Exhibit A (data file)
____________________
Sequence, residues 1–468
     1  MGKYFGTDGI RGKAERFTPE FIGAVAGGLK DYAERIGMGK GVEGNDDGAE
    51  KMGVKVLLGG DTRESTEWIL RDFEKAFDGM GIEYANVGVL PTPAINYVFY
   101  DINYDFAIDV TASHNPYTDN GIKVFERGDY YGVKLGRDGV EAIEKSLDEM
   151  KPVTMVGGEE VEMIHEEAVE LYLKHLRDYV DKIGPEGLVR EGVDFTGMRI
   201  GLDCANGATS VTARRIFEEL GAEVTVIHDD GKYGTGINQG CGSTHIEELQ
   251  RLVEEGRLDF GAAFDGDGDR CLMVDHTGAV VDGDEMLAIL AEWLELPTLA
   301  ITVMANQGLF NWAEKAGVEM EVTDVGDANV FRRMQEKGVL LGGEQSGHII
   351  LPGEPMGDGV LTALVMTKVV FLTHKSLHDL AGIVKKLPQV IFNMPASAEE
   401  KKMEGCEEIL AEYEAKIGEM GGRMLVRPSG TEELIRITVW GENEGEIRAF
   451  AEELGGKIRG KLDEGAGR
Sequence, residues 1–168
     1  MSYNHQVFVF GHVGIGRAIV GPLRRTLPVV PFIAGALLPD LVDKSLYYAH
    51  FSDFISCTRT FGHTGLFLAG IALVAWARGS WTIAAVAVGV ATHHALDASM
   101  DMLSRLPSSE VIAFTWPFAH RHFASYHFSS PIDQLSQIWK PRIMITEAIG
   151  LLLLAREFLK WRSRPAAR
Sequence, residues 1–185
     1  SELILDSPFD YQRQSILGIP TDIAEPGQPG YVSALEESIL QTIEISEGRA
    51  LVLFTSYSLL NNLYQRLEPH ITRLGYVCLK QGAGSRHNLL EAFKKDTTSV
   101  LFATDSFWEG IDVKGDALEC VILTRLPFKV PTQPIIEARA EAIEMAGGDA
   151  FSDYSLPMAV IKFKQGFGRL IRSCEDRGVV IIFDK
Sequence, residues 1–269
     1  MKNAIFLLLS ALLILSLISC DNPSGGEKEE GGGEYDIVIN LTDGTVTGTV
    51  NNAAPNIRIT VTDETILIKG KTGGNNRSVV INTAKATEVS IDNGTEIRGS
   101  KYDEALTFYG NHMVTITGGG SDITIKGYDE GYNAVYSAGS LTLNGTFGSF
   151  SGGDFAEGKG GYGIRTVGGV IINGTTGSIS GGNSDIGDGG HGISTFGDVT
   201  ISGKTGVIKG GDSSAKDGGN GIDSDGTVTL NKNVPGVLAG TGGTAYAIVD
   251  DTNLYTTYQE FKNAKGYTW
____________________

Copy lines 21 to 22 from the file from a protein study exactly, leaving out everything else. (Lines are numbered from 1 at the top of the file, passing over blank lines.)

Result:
   151  FSDYSLPMAV IKFKQGFGRL IRSCEDRGVV IIFDK
Sequence, residues 1–269